This is a traditional British soup made with Jerusalem artichokes. There is of course no connection with Palestine beyond their name, which comes through an odd quirk of history - they are from the great lakes region of North America, and are not artichokes.

It's a lovely, mild but full-flavoured soup. I served mine without any topping and did not really miss it. Croutons and bacon bits were another recommended topping which would add a nice bit of crunch to the very smooth soup. (And the soup should be very smooth - as smooth as you can get it. Don't be afraid to cook the vegetables quite soft, and a blender is probably better than a food processor if you have one.)

4 to 6 servings
1 hour 20 minutes - 40 minutes prep time

Palestine Soup
500 grams (1 pound) Jerusalem artichokes
3 shallots
1 cup grated celeriac, or 1 celery stalk
1 cup grated carrot (1 smallish)
1 tablespoon butter or other fat
2 cups good stock or broth
salt & pepper

yogurt or sour cream, if desired

Scrub the artichokes well, and trim off any bad spots. Chop them roughty, and put them on to boil in a large soup pot with about 4 cups of water.

Meanwhile, peel and chop the shallots, and peel and grate the celeriac and carrots. (Trim and chop the celery if using.)

Heat the butter or fat - I had some fat on top of my stock, and used that - and cook down the shallots, celeriac and carrot until quite soft but not browned. Set them aside until the artichokes are ready.

When the artichokes are tender, drain them but keep the cooking water. Purée them very well with the cooked down vegetables in a blender or food processor, adding some of the cooking water as needed to keep them fluid. You will quite certainly need to do this in more than one batch.

Return the puréed soup to the soup pot. Swish out the blender or food processor with any remaining cooking liquid, and add it to the soup. Add the stock.

Reheat the soup and season to taste with salt and pepper. Serve as-is, or with a dollop of sour cream or yogurt.




Last year at this time I made Chick Pea & Potato Curry #2 and Sweet Breakfast Buns.

Monday, 14 March 2011

A Visit to The Green Barn Market


This weekend we went to Toronto to visit family and friends, and since that's never enough for me we left early enough on Saturday to stop in somewhere I've wanted to go for a long time - The Stop's Green Barn Farmers' Market. To my surprise, I recognized the place - when I lived in Toronto, it was a TTC streetcar depot. That kind of barn, duh. Okay. It sure looks different, though.


Inside was a wonderful light-filled space, with wall-to-wall windows at both ends and a skylight running the length of the building. The walls are a warm, mellow block that add to the welcoming feel of the place. It was also full of people; vendors and shoppers.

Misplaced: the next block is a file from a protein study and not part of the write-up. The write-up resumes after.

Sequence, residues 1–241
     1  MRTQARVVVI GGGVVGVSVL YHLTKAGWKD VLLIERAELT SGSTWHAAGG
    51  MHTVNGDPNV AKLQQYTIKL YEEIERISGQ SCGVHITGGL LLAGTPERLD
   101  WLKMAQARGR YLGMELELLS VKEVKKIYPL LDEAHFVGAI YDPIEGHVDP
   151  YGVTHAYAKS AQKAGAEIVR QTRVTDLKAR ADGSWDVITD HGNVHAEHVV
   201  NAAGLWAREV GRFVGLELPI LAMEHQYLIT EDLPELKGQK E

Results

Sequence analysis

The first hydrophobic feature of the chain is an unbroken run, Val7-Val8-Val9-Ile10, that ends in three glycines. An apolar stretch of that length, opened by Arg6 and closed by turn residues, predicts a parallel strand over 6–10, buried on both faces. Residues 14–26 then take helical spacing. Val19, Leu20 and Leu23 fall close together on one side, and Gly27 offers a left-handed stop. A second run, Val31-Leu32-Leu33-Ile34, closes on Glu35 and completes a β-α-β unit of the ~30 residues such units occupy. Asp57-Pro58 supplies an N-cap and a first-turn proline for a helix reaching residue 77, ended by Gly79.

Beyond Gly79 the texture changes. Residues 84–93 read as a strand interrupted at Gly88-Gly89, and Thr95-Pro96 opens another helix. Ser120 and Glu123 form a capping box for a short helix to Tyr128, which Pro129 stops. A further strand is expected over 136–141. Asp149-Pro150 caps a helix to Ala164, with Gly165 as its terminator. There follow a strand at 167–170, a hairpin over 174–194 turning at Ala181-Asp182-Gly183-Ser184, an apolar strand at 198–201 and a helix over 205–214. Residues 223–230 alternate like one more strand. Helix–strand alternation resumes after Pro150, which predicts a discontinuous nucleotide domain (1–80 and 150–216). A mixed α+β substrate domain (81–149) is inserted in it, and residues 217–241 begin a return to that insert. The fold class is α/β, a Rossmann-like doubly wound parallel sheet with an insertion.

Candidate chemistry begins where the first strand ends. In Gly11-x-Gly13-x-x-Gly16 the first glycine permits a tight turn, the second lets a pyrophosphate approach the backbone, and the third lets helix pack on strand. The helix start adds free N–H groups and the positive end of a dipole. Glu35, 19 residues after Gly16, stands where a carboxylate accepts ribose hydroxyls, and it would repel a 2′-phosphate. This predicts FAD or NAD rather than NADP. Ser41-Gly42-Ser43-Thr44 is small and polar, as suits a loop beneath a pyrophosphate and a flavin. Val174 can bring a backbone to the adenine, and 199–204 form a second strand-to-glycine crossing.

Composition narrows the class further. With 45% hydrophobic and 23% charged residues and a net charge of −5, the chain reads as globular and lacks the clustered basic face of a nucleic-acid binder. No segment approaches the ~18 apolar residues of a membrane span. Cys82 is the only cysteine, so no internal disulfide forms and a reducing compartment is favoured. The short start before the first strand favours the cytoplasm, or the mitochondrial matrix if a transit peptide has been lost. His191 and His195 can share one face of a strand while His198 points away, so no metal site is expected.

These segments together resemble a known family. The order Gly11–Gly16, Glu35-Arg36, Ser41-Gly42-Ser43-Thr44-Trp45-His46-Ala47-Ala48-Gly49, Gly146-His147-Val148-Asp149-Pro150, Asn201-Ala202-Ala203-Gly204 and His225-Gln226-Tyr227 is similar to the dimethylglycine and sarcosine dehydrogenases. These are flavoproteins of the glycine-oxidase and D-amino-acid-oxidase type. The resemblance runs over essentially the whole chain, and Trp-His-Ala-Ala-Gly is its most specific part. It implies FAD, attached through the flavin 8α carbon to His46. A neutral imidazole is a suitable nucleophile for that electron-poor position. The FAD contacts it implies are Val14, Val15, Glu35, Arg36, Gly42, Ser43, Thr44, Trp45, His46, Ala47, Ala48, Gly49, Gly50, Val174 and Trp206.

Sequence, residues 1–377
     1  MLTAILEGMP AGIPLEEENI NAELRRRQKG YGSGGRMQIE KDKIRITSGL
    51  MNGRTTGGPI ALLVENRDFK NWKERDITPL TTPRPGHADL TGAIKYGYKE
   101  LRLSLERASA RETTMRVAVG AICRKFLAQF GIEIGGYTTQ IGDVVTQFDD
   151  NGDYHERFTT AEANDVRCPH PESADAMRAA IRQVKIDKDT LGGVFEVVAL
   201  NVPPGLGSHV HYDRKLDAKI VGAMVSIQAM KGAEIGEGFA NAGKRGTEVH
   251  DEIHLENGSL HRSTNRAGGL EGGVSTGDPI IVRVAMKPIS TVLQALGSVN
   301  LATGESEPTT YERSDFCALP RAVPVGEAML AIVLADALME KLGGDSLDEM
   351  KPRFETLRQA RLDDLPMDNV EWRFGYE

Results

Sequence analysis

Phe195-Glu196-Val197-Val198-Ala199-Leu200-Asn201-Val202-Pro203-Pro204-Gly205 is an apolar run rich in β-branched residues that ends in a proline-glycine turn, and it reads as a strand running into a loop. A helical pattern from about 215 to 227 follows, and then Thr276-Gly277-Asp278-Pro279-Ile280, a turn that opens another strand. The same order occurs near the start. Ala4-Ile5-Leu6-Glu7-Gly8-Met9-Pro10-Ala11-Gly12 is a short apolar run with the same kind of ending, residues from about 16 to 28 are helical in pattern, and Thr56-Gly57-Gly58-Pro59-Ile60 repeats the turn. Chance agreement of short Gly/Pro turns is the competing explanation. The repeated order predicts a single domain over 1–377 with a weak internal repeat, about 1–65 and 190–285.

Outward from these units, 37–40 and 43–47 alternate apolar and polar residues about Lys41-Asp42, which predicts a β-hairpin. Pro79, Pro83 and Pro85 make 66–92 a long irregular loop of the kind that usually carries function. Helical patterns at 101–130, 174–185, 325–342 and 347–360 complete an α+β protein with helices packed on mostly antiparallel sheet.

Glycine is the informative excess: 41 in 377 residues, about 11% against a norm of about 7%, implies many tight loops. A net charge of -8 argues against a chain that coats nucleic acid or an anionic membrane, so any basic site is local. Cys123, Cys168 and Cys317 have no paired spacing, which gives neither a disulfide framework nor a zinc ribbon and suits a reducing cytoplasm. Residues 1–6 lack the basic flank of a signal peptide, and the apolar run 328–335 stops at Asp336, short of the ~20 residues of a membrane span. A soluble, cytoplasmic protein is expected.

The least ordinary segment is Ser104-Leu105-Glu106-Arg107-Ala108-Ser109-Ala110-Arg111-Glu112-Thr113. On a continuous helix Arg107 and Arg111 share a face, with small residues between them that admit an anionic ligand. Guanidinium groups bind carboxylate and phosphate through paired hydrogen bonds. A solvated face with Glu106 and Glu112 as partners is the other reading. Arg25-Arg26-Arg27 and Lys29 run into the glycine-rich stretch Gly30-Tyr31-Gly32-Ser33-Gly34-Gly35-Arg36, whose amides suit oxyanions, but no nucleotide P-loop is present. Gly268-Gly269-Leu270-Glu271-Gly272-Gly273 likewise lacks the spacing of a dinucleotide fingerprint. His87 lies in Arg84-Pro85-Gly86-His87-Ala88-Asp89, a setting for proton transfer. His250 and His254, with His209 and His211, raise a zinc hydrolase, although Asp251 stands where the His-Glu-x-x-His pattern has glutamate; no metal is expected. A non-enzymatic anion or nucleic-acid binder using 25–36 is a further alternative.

Here's cheese from Fifth Town, one of Ontario's best small cheese makers.


At this time of year most of the vegetables available are root and storage vegetables, but there was a good selection.


This man had some greenhouse spinach though! As well as leeks, celeriac, rutabaga, parsnips and daikon. He was also there representing Urban Harvest, and had a good selection of vegetable seeds.



Whoa! If I had known I could have gotten my knives and scissors sharpened I would have brought them. I miss having a little old Italian guy come round the neighbourhood, ringing a hand-bell to let people know they should bring their knives out to be sharpened. But here you can get sharpened just about everything that gets dull by the looks of it.


Angus beef from Field Sparrow Farms in the Kawarthas. Check the link... it's an interesting farm.


Some really lovely looking savory pies.


St. John's Bakery had done such a roaring business that by the time we were there at 9:30 they were closing in on being totally sold out.


This little 4-person band filled the whole space with lively music that was a real joy to listen to. I recognized classic jazz pieces, what sounded for all the world like klezmer music, and "This Little Light of Mine", which I had last heard from the piping little voices in First Day School junior class. Fun!


More delectable goodies. Oh how hard to make a decision!


Ontario grown sweet potatoes from Round Plains Plantation. They also had baked goods, including some from their gluten-free kitchen. We got a basket of mixed sweet potatoes, including Covington (a standard orange-fleshed one) Okinawa and Murasaki (Japanese varieties with light flesh and purple skins) and O'Henry (a skinny little light skinned variety.) We're looking forward to sweet-potato fun!